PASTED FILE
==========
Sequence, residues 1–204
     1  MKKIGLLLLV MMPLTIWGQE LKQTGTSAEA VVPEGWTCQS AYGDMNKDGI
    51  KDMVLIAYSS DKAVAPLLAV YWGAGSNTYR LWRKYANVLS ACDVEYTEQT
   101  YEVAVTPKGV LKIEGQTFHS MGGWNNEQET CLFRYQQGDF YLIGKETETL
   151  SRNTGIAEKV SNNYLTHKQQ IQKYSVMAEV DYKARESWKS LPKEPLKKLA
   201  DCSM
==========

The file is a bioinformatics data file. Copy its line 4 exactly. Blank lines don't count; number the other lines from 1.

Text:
   101  YEVAVTPKGV LKIEGQTFHS MGGWNNEQET CLFRYQQGDF YLIGKETETL